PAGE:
# Annuity Pricing Sensitivity

This article appears at the following website: forbes.com

With all of my discussions of annuities lately, it is worthwhile to also consider the sensitivity of annuity pricing to interest rates, gender and age-related mortality factors.

## Relationship Between Payout Rates and Interest Rates

Figure 1 estimates the relationship between annuity payout rates and interest rates for 65-year old males, females, and opposite-gender couples with a joint and 100% survivors annuity. All of the following figures also assume no additional overhead costs are deducted, which appears to be the case in the current pricing environment.

Figure 1: Relationship Between Interest Rates and Annuity Payout Rates For 65-Year-Olds

Females live longer than males and the longest living individual in a couple is expected to outlive their single counterparts, which explains the disparities between payout rates. In late July 2015, immediateannuities.com reported the best payout rate for a 65-year-old male was 6.79%, with 6.53% for females, and 5.76% for couples. With Figure 1, these payout rates correspond to a 2.6% interest rate assumption for males, a 2.9% interest rate assumption for females, and a 3.1% interest rate assumption for couples. This links pricing to Treasury yields with between 10- and 30-year maturities in July 2015. In mid-July, 10-year Treasuries were about 2.4%, while 30-year Treasuries were about 3.2%.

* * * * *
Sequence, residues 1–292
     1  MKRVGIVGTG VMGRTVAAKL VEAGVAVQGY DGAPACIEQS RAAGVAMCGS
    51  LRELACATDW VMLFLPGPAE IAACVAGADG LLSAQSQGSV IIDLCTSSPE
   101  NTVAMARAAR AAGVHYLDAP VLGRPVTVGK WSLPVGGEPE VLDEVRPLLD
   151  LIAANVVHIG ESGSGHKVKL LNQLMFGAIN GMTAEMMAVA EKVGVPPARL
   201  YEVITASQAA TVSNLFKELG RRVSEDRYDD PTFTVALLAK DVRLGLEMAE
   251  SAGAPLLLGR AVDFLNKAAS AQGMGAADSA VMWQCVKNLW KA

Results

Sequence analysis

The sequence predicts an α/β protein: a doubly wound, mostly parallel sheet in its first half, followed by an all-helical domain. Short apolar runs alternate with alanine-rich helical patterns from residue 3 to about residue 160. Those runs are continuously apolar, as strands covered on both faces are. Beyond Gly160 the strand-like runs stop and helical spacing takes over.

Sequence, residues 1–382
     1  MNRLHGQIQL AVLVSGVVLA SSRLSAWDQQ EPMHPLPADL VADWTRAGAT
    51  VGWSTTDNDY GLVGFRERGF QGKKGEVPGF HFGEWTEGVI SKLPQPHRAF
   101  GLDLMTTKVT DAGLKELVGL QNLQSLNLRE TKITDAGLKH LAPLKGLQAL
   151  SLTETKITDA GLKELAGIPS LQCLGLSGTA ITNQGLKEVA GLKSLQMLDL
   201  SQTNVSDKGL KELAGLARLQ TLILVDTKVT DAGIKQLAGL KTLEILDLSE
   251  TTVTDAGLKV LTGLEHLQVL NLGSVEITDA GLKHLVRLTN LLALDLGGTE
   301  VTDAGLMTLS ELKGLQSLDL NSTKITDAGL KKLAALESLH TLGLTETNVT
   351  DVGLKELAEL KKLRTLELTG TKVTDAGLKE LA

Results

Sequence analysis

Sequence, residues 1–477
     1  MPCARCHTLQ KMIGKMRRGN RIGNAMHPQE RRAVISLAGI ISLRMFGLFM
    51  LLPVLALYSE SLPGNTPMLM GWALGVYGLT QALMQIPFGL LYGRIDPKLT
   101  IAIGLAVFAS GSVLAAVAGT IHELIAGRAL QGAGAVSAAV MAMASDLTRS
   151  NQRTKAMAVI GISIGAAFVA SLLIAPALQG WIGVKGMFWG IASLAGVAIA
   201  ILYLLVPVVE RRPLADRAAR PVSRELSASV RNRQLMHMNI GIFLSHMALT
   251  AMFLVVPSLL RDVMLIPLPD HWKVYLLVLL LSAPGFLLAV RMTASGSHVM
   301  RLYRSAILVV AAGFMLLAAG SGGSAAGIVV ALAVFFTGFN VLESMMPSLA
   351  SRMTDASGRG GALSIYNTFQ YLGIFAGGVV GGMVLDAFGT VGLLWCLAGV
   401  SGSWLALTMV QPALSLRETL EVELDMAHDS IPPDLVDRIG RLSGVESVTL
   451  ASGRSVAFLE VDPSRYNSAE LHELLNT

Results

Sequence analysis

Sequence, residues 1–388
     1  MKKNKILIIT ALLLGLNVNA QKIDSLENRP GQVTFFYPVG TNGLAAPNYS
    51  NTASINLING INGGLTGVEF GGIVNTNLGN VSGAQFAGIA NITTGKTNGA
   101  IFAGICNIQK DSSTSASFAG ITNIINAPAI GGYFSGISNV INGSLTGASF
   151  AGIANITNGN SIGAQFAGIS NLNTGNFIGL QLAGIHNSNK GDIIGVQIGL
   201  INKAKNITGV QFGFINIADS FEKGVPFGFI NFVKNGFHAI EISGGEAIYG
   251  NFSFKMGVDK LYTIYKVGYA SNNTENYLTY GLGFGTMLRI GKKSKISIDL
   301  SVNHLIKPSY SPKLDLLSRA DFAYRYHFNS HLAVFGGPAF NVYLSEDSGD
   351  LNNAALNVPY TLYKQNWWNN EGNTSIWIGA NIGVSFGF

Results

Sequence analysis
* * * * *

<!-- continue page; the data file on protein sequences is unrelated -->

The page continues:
Just bought my first SMA and was very happy to have gone through Immediate Annuities.com. I found them in an article in the Wall Street Journal. As a first time buyer, I had a lot of questions. But to their credit, they did a great job answering my questions directly or getting the right answers from the right people when they needed to.

The higher interest rate assumptions for females and couples make sense. Since they live longer, more of their payments will be further in the future. This way, the insurance company can focus on the longer-end of the yield curve. While I cannot consider all of the factors insurance companies use to adjust their interest-rate and mortality-rate assumptions (insurance companies don’t like sharing this information), these seem to be reasonable estimates for actual annuity payout rates. Overhead costs appear to be quite slim these days, at least for the best price quotes offered in the marketplace.